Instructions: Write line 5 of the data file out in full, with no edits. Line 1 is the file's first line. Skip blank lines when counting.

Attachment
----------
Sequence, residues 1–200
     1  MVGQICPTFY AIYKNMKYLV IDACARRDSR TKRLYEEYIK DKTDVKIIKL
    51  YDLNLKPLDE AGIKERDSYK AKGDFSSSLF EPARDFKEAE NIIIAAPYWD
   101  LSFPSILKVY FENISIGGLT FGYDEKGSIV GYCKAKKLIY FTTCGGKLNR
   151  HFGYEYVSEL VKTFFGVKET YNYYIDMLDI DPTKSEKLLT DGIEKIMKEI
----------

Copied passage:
   151  HFGYEYVSEL VKTFFGVKET YNYYIDMLDI DPTKSEKLLT DGIEKIMKEI